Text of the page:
Some meniscal tears, especially in relatively inactive people, will go on to become asymptomatic. This is particularly true in older patients.
Unfortunately, for many people the symptoms do not go away completely and may actually worsen over time. This may actually be due to a worsening of the tear. The knee can occasionally lock up on the patient, preventing them from bending or straightening the knee. Few meniscal tears will heal on their own in the way that an ankle sprain, for instance, will. Only very small tears that are in the periphery of the meniscal tissue, and usually only in young patients, will heal on their own. Those tears associated with an unstable knee, such as when a ligament injury occurs, have a poorer prognosis due to their risk of re-injury.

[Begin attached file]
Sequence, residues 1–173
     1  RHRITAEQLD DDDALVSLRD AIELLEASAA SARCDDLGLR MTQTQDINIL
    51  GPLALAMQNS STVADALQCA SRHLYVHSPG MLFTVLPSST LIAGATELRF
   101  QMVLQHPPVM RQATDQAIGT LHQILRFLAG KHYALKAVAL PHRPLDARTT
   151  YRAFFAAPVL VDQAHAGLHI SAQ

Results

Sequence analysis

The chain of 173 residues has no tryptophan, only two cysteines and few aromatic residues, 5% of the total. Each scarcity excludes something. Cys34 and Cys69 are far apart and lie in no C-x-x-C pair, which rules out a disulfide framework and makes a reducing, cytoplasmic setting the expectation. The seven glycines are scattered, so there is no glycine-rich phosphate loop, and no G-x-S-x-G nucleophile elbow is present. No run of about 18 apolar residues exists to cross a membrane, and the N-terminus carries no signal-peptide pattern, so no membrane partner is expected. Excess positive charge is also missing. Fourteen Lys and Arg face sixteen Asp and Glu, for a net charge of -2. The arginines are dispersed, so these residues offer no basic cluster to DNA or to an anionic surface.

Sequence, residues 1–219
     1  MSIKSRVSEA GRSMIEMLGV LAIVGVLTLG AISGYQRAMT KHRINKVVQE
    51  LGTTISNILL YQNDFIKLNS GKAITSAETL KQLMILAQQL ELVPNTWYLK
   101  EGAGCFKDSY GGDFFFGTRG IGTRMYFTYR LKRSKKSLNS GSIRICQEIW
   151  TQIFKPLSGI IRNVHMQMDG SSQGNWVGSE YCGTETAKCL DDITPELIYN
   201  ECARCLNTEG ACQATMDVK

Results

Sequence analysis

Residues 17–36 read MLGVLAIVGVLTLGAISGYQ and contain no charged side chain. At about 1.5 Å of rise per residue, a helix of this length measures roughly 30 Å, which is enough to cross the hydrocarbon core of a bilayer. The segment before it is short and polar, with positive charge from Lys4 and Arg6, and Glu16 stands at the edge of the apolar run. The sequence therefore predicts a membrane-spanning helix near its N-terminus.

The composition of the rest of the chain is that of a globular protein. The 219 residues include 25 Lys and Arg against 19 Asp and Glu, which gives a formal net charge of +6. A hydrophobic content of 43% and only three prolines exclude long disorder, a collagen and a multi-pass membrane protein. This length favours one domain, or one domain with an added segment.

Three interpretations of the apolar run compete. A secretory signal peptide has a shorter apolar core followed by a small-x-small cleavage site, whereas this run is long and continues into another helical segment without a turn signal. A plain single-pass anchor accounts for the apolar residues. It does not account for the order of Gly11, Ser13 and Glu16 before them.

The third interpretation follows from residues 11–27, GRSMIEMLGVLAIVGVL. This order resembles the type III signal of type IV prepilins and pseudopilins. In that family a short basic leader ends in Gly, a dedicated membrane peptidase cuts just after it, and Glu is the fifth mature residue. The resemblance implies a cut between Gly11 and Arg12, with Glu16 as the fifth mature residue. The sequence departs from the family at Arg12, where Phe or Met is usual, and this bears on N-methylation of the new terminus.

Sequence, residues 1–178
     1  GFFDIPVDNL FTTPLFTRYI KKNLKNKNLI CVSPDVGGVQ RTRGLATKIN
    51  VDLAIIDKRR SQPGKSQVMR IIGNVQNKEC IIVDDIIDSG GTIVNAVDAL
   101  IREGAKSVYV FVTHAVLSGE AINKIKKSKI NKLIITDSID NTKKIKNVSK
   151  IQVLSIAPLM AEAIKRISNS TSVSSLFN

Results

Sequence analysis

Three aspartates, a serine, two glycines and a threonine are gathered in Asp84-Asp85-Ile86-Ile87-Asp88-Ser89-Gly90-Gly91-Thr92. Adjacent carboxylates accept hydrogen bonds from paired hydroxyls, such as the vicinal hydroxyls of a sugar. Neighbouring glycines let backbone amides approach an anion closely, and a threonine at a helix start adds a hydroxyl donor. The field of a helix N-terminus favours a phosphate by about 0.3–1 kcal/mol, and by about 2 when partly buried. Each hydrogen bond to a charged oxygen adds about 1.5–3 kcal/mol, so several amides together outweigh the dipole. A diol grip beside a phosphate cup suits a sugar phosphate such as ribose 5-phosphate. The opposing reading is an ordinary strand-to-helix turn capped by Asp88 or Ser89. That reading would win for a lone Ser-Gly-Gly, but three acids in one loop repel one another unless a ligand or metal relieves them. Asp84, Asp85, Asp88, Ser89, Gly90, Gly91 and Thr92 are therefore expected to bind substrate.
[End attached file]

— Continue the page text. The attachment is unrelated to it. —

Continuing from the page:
Treatment must be individualized according to the symptoms and the patient’s activity level. Some patients can live with a meniscal tear without significant worsening over time and need have nothing done after the initial recovery phase. Others will not be able to function at their pre-injury level without treatment.